Wednesday, October 26, 2011

Creating Sympathy (Part Four): Jeopardy

Okay.  I've saved the obvious for last.  The biggest and most blatant way to stir up sympathy is to place a protagonist in mortal peril.  Remember my earlier posts on tension?  Here's another example of a technique that serves a dual purpose.  Jeopardizing a character creates equal parts sympathy and tension -- unless the protagonist is so unlikeable readers want his story to end.  (I've read a few of these.  I didn't make it halfway through the book.)

Imagine The Wizard of Oz without the Wicked Witch of the West pursuing Dorothy at every turn.  How much of the story's impact would be lost without this plot device?  How easy would it be to become complacent about Dorothy's fate?  Similarly, in J.R.R. Tolkien's The Fellowship of the Ring, the immediate danger posed by the relentless Ringwraiths makes us more sympathetic to Frodo's plight.  In The Elfstones of Shannara, Terry Brooks achieves this effect by sending the bloodthirsty Reaper after his protagonists.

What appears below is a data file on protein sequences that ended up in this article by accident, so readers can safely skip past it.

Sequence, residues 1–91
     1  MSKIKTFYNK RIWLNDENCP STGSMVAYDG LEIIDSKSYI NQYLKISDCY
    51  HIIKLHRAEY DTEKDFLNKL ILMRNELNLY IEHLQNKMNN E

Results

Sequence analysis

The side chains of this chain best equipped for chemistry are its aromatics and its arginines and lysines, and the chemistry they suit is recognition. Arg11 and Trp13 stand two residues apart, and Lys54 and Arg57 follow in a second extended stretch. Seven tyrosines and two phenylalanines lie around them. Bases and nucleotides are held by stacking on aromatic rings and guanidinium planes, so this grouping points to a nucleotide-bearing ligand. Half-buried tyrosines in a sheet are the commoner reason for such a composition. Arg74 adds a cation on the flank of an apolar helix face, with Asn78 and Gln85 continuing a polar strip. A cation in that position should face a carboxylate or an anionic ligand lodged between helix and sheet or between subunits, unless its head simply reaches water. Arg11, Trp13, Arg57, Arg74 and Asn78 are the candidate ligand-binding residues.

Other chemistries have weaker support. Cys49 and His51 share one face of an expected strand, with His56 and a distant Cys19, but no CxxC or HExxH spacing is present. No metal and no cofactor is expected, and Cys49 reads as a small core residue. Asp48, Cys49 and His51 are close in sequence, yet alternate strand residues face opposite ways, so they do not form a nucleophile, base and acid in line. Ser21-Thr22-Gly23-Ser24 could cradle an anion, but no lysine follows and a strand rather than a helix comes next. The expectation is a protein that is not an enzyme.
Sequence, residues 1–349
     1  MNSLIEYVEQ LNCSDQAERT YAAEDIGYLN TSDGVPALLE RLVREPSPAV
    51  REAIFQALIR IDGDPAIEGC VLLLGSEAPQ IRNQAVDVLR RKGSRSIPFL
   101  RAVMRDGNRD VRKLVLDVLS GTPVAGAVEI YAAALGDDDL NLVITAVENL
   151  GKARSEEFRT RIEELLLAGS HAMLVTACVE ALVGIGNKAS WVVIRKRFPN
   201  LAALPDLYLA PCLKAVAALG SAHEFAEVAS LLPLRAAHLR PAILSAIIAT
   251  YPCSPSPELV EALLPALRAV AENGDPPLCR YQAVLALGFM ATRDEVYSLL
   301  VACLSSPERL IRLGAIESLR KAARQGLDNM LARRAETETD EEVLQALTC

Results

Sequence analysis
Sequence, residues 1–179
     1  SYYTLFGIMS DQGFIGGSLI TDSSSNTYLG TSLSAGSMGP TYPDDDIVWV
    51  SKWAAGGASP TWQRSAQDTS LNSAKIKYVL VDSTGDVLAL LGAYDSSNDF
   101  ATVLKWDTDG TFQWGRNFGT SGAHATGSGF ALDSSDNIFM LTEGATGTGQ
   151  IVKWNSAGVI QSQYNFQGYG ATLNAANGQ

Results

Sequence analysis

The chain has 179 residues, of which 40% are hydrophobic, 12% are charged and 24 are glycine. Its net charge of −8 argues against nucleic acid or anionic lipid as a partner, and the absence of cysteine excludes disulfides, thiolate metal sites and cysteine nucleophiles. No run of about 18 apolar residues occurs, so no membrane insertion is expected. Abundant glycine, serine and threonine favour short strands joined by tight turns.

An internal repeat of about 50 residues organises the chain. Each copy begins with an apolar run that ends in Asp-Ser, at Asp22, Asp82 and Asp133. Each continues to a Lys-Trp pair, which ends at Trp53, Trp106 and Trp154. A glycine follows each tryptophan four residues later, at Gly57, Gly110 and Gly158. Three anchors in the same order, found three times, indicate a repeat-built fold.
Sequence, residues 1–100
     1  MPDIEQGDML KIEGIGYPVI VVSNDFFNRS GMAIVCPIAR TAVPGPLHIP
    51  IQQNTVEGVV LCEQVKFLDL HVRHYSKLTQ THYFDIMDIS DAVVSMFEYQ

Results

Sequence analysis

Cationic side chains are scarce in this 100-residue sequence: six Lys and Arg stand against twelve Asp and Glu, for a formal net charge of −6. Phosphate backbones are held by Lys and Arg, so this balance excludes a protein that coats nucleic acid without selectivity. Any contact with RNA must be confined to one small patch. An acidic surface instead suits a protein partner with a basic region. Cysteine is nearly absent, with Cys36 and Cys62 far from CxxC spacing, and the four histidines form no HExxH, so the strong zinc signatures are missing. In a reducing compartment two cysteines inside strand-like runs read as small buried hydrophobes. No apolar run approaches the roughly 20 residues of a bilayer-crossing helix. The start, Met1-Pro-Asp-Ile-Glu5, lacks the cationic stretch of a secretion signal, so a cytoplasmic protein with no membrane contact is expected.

A character doesn't necessarily need to be pursued by murderous villains to find herself in jeopardy.  The threat of a deadly disease, financial ruin, heartbreak, or ostracism can also drum up reader sympathy.  Find a story without elements of jeopardy embedded in the plot and you'll probably find a story you quickly lose interest in.